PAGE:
In 1984, Atlantic Records signed Julian and released his debut album, Valotte. The album produced two hit singles, "Too Late For Goodbyes" and "Valotte." Lennon was embraced by fans and critics alike who may or may not have believed, as Julian told Rolling Stone in 1985, that he was not "trying to carry on a tradition except maybe in the simplicity of Dad's writing." Moreover, Producer Phil Ramone commented in Rolling Stone that Julian, "can hit your heart with a lyric and be clever with a melody. Music is the joy of his life, no doubt about it." Valotte earned Lennon a 1985 Grammy Award nomination for Best New Artist.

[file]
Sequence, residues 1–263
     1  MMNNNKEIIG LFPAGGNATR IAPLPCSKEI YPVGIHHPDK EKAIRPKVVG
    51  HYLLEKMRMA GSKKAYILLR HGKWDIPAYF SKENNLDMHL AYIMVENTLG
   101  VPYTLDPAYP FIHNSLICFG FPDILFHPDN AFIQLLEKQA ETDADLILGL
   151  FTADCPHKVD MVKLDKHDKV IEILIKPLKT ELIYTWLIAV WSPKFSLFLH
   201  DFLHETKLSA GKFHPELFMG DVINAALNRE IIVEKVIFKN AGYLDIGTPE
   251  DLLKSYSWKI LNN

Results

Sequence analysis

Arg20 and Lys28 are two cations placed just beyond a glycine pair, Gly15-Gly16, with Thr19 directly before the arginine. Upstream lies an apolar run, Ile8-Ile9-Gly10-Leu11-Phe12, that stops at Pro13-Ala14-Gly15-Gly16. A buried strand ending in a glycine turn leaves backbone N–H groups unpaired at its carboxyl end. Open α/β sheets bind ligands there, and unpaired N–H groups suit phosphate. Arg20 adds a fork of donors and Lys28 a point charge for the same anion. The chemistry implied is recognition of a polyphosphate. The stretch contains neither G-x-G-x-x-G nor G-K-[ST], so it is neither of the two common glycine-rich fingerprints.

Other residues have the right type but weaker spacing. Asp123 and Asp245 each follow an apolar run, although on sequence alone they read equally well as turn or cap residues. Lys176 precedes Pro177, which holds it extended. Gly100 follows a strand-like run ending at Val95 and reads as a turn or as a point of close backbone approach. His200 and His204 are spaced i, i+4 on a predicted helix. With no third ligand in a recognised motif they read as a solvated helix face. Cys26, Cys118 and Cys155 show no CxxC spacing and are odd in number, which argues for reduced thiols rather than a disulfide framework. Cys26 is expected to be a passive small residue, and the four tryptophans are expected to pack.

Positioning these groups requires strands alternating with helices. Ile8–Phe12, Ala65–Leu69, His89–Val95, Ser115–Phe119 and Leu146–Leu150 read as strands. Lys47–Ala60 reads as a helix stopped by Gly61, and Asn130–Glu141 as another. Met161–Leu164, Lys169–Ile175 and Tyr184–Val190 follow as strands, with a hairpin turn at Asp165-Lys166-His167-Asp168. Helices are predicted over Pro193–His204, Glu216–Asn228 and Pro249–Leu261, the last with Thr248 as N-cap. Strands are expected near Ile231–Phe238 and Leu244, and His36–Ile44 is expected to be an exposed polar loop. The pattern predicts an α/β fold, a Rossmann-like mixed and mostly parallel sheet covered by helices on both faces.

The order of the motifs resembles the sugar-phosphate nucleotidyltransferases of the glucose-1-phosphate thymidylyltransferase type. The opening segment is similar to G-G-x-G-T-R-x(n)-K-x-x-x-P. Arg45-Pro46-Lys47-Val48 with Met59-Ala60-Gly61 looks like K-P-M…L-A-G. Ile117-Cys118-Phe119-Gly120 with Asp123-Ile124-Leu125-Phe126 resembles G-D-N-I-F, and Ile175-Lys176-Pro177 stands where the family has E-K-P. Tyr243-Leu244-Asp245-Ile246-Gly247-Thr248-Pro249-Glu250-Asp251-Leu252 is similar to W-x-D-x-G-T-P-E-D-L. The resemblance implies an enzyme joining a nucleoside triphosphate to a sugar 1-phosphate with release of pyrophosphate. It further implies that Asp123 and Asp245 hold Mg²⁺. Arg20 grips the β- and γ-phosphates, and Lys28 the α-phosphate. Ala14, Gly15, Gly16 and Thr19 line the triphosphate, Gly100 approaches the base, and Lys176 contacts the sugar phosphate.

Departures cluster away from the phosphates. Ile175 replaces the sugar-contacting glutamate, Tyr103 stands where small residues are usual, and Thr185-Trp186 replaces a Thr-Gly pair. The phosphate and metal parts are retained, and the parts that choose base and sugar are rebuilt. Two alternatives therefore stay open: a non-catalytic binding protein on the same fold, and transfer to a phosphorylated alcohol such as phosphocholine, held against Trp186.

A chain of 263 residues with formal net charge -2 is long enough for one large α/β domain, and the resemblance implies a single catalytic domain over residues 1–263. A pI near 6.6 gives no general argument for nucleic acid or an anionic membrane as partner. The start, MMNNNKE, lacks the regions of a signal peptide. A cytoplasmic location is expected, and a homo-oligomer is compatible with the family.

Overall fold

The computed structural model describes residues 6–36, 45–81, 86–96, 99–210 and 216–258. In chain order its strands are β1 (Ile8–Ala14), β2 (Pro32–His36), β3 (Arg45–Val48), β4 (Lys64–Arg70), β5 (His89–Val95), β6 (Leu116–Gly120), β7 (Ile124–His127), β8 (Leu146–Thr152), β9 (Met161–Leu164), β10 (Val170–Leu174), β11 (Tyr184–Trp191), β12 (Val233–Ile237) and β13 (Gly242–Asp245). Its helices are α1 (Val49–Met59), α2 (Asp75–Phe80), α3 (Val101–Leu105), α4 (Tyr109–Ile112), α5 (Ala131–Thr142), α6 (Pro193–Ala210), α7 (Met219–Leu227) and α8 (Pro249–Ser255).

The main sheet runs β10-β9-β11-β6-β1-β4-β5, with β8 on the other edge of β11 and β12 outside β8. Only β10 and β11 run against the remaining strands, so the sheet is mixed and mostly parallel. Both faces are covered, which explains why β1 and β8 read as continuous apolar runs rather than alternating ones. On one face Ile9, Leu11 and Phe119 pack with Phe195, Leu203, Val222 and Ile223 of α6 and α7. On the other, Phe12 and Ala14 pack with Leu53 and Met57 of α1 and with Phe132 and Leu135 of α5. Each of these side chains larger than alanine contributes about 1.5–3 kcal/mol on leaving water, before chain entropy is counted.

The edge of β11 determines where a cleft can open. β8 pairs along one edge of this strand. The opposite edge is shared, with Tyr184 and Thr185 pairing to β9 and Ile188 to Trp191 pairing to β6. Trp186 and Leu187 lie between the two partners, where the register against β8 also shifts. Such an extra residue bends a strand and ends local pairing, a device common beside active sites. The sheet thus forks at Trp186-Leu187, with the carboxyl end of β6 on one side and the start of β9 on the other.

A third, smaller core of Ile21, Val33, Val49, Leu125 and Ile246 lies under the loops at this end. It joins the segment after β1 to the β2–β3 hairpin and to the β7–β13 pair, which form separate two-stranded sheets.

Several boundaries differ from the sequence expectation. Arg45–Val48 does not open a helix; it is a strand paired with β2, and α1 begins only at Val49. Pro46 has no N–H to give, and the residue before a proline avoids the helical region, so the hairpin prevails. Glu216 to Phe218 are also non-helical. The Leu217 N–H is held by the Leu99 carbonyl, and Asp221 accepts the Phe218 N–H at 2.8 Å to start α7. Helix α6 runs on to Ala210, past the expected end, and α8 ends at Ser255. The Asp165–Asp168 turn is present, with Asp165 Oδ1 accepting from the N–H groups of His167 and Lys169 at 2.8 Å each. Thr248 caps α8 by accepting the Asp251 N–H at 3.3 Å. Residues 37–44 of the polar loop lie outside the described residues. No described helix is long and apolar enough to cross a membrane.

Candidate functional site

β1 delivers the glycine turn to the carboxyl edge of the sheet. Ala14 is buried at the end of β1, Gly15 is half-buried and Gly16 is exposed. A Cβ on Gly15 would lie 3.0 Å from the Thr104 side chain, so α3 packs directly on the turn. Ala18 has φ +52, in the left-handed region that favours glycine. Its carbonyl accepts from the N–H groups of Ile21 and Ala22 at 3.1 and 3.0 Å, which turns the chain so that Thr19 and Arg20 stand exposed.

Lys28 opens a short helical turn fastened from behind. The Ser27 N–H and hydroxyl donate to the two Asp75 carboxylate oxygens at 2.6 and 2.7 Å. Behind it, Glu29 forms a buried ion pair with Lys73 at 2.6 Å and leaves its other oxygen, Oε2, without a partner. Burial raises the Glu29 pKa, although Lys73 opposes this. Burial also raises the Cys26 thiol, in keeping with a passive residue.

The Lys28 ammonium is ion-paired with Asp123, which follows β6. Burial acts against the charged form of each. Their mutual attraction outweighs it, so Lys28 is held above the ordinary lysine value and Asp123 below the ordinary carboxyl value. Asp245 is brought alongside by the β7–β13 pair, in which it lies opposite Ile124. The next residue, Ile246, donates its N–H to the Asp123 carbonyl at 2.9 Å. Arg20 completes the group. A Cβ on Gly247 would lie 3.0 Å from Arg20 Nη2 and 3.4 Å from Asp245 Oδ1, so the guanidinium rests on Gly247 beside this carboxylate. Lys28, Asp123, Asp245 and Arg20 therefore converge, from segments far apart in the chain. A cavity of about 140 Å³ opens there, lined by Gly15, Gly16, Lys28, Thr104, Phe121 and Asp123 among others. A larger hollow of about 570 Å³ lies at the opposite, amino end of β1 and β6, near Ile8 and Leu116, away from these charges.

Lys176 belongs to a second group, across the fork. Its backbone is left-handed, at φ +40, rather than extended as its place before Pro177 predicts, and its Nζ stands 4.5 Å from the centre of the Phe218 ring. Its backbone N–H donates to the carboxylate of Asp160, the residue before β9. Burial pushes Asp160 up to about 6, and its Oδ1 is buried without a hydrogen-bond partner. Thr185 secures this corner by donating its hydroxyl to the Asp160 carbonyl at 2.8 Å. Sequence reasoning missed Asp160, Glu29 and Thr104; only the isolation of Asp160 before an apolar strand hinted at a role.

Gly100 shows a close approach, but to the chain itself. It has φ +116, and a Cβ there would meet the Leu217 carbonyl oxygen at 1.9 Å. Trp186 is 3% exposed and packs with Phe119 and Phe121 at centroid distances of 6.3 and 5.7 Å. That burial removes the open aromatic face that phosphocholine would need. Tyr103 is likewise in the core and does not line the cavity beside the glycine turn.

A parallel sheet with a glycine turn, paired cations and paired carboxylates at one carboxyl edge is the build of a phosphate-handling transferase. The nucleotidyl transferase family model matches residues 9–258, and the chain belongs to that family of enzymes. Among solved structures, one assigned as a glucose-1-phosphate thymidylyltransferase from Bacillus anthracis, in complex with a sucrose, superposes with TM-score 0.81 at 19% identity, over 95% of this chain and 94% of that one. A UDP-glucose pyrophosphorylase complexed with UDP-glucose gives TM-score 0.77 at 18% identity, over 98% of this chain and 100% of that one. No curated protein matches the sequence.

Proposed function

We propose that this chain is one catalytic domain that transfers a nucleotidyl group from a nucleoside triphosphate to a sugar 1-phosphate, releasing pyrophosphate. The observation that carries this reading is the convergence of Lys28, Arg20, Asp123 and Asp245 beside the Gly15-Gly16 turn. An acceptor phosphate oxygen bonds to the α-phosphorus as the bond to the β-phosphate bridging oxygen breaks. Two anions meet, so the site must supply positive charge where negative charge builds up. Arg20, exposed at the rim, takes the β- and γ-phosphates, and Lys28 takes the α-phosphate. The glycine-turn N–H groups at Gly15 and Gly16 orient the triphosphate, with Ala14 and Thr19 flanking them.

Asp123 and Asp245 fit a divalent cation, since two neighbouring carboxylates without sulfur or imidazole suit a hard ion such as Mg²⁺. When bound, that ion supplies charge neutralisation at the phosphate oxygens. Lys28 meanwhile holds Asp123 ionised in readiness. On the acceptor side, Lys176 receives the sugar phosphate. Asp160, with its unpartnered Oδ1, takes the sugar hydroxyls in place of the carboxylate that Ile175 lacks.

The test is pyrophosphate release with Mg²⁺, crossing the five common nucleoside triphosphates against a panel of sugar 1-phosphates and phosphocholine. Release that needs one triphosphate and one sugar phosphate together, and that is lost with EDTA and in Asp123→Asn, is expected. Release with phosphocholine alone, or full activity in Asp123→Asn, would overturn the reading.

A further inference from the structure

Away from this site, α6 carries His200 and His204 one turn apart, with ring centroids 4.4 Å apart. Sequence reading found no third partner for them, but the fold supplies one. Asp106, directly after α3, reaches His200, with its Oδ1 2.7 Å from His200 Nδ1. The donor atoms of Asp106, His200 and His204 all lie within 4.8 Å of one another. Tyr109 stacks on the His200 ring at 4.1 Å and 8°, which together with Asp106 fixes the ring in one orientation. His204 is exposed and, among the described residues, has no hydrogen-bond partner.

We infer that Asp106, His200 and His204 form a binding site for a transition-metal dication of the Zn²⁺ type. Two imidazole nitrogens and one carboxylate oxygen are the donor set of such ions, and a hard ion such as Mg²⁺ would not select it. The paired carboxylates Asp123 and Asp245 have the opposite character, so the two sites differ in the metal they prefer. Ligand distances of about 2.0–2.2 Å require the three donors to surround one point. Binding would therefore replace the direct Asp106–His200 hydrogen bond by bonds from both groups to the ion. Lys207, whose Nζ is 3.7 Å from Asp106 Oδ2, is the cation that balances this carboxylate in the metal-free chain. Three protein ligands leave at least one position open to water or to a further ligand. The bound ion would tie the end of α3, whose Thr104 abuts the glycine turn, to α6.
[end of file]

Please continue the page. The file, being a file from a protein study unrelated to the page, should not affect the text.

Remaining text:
Atlantic Records also realized that Lennon could not only continue his father's legacy, but also stuff their pockets with large amounts of money and he was powerless to stop them. As Lennon told San Francisco Chronicle reporter Aidin Vaziri in 1999, "I was young and naive, so I signed my life away. Unfortunately, the first album will quite possibly never be mine, which sickens me to death. But when you're vying for your first album deal, you'd just about give up your mother." Following a massive 18 month tour, Lennon wanted time off to write; however, Atlantic reminded him that he was "contractually obligated" to release another album. Thus, in the spring of 1986 Atlantic released Lennon's second album, The Secret Value of Daydreaming. It was a disappointment, both critically and financially.